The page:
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It may have been a bad year, but it's not a bad life

It's that time of year, when we reflect, think about lessons learnt, and make decisions


THERE'S something about the passage from one year to the next that leads people to think about their lives. In the midst of all the festivities and revelry, it's also a time where we finally look at ourselves in the mirror and make decisions on what we really want.

Don't believe me? Studies based on Facebook's relationship statuses found that December is one of the peak periods for break-ups, and no, it can't all be blamed on the winter blues. My point is, this is a season for some major life reflections. That's why New Year's resolutions have never gone out of style, even if we never keep them.

In my column, I usually let the industry experts do the talking. But this year, allow me to share some of my biggest lessons learnt.

1. Jump first, and build your wings on your way down

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This sounds completely wild, but let me first say that I am referring to calculated risks here. This year, I switched teams - moving from the Content team that covered online and foreign news to news desk. I am also the editor of The SME Magazine, a supplement of The Business Times.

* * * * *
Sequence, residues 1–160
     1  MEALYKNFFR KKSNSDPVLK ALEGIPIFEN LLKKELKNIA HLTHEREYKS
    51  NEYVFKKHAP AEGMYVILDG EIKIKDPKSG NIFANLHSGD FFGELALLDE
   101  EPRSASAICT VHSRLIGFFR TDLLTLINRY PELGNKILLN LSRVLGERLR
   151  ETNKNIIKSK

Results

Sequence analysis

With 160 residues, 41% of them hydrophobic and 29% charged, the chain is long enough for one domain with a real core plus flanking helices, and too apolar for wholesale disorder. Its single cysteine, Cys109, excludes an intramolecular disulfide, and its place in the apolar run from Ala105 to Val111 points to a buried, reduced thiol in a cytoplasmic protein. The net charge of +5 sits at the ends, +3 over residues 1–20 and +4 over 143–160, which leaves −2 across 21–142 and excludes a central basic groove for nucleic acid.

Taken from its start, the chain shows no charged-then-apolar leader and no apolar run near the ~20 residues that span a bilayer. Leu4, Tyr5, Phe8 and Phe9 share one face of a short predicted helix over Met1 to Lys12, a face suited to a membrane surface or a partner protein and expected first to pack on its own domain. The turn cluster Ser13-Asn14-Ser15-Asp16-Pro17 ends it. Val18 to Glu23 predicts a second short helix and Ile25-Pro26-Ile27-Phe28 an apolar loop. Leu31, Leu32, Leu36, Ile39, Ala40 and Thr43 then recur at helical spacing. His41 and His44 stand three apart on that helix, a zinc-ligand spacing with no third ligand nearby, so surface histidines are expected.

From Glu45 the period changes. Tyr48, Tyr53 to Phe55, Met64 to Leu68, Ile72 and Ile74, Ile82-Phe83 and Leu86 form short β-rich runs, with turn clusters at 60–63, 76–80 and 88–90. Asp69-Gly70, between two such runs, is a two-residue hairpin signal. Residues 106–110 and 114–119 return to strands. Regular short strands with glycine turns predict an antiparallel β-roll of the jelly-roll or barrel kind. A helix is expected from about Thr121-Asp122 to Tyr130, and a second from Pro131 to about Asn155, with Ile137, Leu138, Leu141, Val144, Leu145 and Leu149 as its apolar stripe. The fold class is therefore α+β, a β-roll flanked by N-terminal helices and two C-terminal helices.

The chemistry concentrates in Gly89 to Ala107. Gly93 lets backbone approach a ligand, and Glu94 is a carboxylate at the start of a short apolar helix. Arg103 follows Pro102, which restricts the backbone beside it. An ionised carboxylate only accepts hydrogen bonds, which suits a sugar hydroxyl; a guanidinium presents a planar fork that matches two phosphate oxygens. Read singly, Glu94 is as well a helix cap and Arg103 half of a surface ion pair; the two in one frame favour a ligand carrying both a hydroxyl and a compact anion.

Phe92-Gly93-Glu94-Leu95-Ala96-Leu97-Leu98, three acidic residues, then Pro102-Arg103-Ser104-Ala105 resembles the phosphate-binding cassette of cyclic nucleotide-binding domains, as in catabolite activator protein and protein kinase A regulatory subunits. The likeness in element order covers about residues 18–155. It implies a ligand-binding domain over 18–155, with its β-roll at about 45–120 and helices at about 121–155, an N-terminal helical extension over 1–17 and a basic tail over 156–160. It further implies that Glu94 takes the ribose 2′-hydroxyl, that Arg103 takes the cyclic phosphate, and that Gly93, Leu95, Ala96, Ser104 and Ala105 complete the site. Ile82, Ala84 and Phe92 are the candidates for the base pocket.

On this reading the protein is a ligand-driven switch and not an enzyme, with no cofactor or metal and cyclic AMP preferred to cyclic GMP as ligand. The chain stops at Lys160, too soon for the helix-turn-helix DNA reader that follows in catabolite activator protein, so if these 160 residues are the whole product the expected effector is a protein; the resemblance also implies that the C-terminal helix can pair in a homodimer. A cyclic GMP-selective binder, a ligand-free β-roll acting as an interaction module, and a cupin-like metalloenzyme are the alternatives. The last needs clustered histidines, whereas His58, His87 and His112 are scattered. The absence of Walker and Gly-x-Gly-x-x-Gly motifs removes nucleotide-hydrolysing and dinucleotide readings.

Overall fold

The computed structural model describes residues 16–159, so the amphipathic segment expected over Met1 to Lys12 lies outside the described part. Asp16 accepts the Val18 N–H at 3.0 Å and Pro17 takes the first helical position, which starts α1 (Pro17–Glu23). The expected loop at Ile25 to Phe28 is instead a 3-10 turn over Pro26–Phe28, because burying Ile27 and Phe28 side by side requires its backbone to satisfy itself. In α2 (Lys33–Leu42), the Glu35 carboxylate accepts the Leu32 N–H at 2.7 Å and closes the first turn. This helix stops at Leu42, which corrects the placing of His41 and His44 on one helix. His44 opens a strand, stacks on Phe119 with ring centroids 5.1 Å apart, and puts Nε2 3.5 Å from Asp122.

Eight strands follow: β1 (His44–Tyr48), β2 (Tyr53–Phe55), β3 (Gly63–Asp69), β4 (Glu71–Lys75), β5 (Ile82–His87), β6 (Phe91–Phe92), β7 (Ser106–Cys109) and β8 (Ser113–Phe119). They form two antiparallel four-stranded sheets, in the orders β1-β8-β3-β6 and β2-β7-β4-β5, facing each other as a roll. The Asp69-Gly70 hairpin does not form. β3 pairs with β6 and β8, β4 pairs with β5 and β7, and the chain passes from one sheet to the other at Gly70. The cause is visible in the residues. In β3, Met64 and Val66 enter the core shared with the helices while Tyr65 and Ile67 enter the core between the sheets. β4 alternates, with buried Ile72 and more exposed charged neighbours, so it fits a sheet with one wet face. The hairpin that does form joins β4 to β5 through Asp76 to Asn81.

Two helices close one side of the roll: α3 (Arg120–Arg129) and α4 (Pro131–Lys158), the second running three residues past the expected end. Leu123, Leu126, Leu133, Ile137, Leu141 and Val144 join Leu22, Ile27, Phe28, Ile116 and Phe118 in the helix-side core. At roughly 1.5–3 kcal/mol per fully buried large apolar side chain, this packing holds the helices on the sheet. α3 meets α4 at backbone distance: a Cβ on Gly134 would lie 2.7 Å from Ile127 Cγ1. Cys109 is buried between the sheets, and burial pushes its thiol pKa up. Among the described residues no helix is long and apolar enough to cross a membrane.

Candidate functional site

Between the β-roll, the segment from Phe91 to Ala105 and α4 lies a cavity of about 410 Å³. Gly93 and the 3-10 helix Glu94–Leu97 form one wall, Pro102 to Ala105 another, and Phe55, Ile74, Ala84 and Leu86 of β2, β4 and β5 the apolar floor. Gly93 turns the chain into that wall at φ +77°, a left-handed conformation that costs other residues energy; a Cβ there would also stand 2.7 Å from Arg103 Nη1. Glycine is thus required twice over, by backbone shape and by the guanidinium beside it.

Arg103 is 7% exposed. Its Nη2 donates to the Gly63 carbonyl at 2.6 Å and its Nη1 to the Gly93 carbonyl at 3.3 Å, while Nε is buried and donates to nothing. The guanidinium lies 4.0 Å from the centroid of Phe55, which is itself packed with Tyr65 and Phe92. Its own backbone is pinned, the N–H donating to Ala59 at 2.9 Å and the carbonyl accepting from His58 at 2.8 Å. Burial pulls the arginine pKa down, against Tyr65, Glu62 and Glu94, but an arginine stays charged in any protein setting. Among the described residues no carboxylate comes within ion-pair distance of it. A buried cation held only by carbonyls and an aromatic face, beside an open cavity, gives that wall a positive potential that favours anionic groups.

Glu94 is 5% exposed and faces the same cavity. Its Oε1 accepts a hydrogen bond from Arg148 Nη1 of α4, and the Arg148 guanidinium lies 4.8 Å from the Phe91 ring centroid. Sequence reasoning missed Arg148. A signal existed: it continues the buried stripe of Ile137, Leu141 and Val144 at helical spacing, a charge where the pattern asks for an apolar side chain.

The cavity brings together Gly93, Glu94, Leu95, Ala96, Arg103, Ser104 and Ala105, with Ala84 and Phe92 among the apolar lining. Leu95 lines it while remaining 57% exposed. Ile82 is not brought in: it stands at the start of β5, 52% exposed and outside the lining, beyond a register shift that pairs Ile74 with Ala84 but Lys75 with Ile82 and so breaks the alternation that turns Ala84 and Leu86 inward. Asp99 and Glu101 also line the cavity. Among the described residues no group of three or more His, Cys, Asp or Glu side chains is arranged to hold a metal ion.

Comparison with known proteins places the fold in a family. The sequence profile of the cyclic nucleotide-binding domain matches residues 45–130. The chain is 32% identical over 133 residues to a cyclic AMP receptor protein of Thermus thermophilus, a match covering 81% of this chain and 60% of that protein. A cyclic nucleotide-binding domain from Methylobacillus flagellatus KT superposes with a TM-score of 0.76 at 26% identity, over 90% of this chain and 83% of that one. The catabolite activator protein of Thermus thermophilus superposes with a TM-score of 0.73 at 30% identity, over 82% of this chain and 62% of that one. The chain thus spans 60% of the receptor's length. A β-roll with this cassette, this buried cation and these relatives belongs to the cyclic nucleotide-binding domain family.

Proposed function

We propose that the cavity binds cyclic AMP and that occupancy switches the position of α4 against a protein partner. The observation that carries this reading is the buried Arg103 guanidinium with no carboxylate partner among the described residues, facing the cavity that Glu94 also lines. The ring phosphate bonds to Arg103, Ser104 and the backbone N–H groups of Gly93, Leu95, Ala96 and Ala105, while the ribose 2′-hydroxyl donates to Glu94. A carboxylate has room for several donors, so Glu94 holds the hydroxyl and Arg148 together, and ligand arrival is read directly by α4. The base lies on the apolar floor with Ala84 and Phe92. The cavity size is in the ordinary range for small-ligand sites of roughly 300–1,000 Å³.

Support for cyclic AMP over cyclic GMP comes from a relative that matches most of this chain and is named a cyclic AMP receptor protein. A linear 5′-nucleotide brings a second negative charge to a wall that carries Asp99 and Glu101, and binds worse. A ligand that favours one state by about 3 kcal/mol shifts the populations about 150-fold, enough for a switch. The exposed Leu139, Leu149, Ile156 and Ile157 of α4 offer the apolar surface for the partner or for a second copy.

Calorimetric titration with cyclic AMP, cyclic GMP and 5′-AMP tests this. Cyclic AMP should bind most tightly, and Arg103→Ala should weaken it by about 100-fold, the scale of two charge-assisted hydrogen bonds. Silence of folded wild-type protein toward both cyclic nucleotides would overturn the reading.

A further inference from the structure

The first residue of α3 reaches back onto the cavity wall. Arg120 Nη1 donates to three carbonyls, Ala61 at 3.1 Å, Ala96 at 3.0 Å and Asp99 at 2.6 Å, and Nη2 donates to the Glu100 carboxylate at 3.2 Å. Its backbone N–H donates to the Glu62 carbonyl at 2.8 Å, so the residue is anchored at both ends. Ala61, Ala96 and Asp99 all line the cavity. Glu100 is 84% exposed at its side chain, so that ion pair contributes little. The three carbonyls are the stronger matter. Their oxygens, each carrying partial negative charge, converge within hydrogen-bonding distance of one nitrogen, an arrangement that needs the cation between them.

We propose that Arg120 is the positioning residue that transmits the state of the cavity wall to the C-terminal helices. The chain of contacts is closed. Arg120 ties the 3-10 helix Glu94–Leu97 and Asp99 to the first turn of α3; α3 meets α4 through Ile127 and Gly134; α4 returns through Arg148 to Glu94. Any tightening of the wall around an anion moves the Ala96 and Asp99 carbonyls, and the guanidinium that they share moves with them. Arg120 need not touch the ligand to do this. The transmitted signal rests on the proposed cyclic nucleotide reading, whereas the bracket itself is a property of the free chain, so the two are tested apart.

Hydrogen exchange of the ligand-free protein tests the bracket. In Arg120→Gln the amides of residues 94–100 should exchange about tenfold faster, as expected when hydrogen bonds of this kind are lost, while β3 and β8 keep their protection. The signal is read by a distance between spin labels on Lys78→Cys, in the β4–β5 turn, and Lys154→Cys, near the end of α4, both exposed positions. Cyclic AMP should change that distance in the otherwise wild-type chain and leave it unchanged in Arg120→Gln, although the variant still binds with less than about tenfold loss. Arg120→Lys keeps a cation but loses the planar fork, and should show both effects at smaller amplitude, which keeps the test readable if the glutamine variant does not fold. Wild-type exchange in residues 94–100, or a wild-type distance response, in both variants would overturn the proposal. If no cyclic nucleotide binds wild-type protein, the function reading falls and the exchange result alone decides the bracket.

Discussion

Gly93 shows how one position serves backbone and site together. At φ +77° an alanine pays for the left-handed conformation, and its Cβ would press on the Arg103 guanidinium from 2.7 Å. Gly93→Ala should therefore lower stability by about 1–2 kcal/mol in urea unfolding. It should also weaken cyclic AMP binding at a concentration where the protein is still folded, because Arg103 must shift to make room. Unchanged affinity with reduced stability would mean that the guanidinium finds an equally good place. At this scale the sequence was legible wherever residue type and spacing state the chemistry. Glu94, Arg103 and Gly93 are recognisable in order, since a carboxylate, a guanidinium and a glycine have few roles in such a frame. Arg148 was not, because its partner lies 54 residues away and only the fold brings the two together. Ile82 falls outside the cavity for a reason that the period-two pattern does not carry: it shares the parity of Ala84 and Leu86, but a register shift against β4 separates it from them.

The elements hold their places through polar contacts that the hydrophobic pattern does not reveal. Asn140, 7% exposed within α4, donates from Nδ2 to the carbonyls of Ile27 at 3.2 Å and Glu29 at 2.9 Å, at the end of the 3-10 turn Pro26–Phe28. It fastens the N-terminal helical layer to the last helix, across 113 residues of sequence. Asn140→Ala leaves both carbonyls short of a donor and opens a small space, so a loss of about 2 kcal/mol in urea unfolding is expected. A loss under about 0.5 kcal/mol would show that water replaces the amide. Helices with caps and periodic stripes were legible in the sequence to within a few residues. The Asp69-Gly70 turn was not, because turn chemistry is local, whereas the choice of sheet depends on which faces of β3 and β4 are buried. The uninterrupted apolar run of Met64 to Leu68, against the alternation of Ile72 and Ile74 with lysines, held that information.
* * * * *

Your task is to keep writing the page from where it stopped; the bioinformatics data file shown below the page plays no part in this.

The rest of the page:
In the beginning, I fretted about every single thing - from my lack of financial background to my knowledge of SMEs. I constantly doubted my ability to handle the new responsibilities, even losing sleep in the process. I kid you not.

It's been a steep learning curve ever since, with me running after the last bus more often than I can count. It's been uncomfortable, it's been painful, and to be honest, there have been moments when I still wonder if I'm up to the job. But frankly, I wouldn't have it any other way. Every day I am being challenged and being forced to grow a bit more, and for that, I am grateful.

On a related note, I have done several stories this year on how women hold themselves at work. It's been completely eye-opening, to say the least. In my research, it seems that women tend to be more affected by the imposter syndrome, where they end up feeling like a fraud at work. Another study also found that women don't raise their hands for promotions or a new job unless they meet 100 per cent of the criteria, while men are confident applying with just 60 per cent.

So now my mantra to daunting new opportunities is this: Say yes first, even when you feel wildly unqualified. I have found that the biggest battle is always in the mind. If you can get over that, you can get over anything.

2. Know your non-negotiables

One thing I realised this past year is to draw boundaries around something that is important to you, and then protect it. This concept is nothing new, but it's something that I have only experienced for myself this year.

Yahoo CEO Marissa Mayer described it as finding your rhythm, or what matters so much to you that you become resentful of your work when you miss it.